A study released on Monday has the details:
The two major issues we have uncovered are the enforcement of traveling and blocking that we articulate in depth.
In a nutshell, missed traveling calls have become a bigger issue through the years because many players have become adept at manipulating the ball as they complete their dribble to sneak in an extra step or half-step before taking the two steps they’re allowed to take. For some reason, we’ve seen announcers and even NBA officials refer to this as ‘the gather,’ but one problem is that the word ‘gather’ is not in the rulebook!
Refs can, to an extent, be forgiven for this. The rules surrounding traveling are constantly changing — for instance, the NBA recently “revised” the rulebook to officially codify the two-step rule — and the media, as this report points out, doesn’t help. Whatever the origins of the “gather step,” it’s become such a part of rule interpretation that the NBA’s “video rulebook” specifically instructs refs to take a gather step into account.
To me, it makes sense that NBA refs miss a higher percentage of calls than their counterparts in other sports: professional basketball is fast-moving, with fewer starts and stops, and there seem to be more judgment calls on every play. [The easiest comparison to make would be holding calls in the NFL, but there are more officials looking out for that and it's just one of a number of clearer calls that the refs can make.]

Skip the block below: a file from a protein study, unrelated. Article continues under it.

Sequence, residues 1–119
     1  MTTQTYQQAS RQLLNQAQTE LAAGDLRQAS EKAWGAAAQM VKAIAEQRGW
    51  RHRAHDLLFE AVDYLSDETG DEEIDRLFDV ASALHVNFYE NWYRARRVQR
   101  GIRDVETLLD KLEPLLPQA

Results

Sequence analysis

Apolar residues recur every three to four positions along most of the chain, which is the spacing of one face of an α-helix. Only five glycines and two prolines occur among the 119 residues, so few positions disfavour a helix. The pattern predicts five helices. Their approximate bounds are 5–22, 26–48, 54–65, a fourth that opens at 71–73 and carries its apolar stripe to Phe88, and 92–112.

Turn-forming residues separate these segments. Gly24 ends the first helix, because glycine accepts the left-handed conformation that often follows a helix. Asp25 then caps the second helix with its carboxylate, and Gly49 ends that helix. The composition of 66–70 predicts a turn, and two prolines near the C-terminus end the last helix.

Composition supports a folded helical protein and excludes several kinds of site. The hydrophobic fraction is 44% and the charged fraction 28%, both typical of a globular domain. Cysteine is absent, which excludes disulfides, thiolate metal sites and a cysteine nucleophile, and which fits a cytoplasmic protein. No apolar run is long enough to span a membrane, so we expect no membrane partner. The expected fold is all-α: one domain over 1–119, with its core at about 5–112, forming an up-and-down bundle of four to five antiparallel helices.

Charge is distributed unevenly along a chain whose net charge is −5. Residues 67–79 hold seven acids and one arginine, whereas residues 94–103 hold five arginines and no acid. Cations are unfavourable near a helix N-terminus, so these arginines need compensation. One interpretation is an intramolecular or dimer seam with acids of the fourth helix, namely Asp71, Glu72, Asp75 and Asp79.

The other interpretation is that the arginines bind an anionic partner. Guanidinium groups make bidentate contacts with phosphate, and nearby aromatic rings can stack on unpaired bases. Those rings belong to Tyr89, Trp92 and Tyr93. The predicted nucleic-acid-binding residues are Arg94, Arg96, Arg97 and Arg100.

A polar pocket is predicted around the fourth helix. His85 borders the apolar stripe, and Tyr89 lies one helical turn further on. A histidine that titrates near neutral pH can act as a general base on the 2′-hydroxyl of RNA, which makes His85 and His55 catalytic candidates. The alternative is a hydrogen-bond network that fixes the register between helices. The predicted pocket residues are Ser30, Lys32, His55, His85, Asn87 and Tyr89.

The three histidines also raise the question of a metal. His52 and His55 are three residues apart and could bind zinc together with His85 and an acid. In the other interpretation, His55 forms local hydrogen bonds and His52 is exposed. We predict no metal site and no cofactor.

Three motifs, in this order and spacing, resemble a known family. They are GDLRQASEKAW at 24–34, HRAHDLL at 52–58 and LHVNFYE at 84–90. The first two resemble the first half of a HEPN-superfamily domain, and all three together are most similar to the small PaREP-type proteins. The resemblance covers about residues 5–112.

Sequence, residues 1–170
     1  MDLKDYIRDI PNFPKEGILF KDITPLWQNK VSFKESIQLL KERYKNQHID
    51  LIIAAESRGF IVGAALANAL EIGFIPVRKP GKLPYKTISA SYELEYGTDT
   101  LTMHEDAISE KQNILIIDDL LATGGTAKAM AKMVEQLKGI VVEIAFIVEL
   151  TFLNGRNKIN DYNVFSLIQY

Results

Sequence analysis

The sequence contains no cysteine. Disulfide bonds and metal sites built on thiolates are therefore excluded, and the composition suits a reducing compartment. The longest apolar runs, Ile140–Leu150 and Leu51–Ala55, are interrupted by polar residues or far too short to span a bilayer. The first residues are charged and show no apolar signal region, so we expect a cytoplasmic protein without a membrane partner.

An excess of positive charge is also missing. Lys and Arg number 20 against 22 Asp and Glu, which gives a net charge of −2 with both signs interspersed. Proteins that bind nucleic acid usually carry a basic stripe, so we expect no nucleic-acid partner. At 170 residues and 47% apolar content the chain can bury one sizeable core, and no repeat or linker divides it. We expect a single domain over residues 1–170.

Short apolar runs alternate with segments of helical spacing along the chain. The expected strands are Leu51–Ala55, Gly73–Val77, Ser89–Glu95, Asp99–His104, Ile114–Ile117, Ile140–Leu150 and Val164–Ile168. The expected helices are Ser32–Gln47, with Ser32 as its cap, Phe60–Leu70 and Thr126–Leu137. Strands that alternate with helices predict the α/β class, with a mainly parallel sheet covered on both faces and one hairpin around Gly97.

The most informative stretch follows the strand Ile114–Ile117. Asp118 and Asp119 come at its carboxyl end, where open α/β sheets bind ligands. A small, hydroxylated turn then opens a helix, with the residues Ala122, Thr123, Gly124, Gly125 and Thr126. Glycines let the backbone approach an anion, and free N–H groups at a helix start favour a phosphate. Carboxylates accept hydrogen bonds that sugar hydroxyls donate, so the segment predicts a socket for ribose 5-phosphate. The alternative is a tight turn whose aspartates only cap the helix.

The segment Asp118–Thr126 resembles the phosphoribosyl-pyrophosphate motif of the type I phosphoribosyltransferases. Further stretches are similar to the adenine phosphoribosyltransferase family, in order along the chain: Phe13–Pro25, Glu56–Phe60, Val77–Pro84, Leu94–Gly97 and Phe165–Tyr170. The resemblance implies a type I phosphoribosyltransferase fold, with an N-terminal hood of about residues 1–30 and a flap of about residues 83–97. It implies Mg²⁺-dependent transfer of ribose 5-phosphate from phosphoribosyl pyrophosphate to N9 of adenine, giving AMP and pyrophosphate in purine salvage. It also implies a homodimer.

Nonetheless, the scourge of uncalled traveling haunts the NBA. Many older fans are turned off by perceived superstar treatment and the idea that the NBA game is somehow impure (just ask anyone who prefers the college game). What is clear is that there absolutely needs to be an even enforcement of the rules. The aforementioned researcher notes this, asking “Is it fair to players who follow the rules?”
The second that LeBron James executed this maneuver in the Heat’s Game 4 win over the Celtics, a Celtics fanboy friend of mine cried foul. I think the call’s forgivable: the refs likely interpreted James’ maneuver as a jump-stop, not a two-step move. Nevertheless, the perceived superstar treatment that James gets combined with the impression that the Association voluntarily allows traveling violations means that this likely has a negative impact on fans’ impressions of the NBA.